Toulouse city guide information
Languedoc Roussillon, South France
The 'pink city' lies just beyond Languedoc's borders
Although not strictly in Languedoc, Toulouse is France’s sixth largest city and is understandably a big draw for visitors in the west of the region. A former capital of Languedoc, this city boasts attraction after attraction: stunning medieval churches, grand private mansions that add an extra air of elegance to an already gracious city, and buildings fashioned out of soft pink brick which, as the sun sets, reflect the fading rays in a magnificently soporific show of light. Toulouse has a life about it, unrivalled by any other city in the region; vibrant, energetic and proud. Home to European aircraft manufacturer, Airbus, this is also one of the best connected cities in the entire south of France. There are direct low-cost flights here from seven airports in Britain, not to mention SNCF trains departing in every conceivable direction.
Founded on the Garonne river as Tolosa, the city was moved to its present position by the Romans in 120 BC. Following the collapse of the Roman empire, Toulouse came under the control of various local counts who gradually extended their dominance over much of southern France. However, things came to a bloody end in 1271 when forces from northern France finally tired of the city’s increasing support for Catharism and launched a crusade against the heretics. The Catholic victory led to the establishment of the university in the early thirteenth century. A major breakthrough in Toulouse’s fortunes came with the completion of the Canal du Midi in 1666 which provided the city with access to the sea. Occupied by the Nazis during World War 2, thankfully the city escaped the worst ravages of the war and today the city is a prosperous centre of hi-tech industry.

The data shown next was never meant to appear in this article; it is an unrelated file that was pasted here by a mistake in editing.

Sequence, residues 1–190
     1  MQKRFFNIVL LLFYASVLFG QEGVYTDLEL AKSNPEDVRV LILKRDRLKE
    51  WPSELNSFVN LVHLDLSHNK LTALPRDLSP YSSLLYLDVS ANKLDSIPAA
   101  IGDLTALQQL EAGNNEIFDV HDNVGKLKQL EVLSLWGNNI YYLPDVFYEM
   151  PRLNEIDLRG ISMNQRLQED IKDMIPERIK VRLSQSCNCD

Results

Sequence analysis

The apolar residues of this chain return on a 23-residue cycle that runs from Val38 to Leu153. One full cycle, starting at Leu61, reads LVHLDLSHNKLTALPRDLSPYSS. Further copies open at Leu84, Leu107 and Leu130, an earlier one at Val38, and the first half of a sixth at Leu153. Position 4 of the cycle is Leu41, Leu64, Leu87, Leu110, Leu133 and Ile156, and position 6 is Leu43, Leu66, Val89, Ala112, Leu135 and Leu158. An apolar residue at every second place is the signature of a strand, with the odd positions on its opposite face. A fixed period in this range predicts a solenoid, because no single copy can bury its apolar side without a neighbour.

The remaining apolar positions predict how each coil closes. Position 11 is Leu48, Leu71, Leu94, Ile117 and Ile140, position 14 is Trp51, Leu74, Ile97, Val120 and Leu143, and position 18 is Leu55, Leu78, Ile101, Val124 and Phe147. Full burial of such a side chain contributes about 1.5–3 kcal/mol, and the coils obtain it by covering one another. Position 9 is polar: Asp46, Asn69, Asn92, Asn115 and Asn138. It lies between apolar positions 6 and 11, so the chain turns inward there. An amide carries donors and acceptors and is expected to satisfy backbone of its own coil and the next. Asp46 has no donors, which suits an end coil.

Toulouse’s Top 5:
- Place du Capitole. Toulouse’s main square guarded by the majestic town hall, the Capitole, and perfect for people watching installed in one of the countless cafés here. There’s a decent market here on Wednesday and Sunday mornings.
- Basilique de St-Sernin. The biggest Romanesque church anywhere in western Europe, this striking structure has become a symbol of Toulouse and quite overshadows the city’s cathedral. Poke around in the crypt for a few intriguing statues of French saints.
- Place de la Daurade. The perfect place to chill out in the centre of town. Open green space right on the riverside and also the departure point for boat trips on the Garonne river.
- Les Jacobins. The labyrinth of narrow lanes and alleys that make up the most interesting part of Toulouse’s old town. Get here by heading south or west from Place du Capitole.
- Les Abattoirs. Don’t be fooled by the name. Located on the west bank of the Garonne, this museum of contemporary art is one of the best in France with all the big names represented. It’s also an ingenious piece of urban renewal since, as the name suggest, the building was indeed used as a slaughterhouse, until 1989.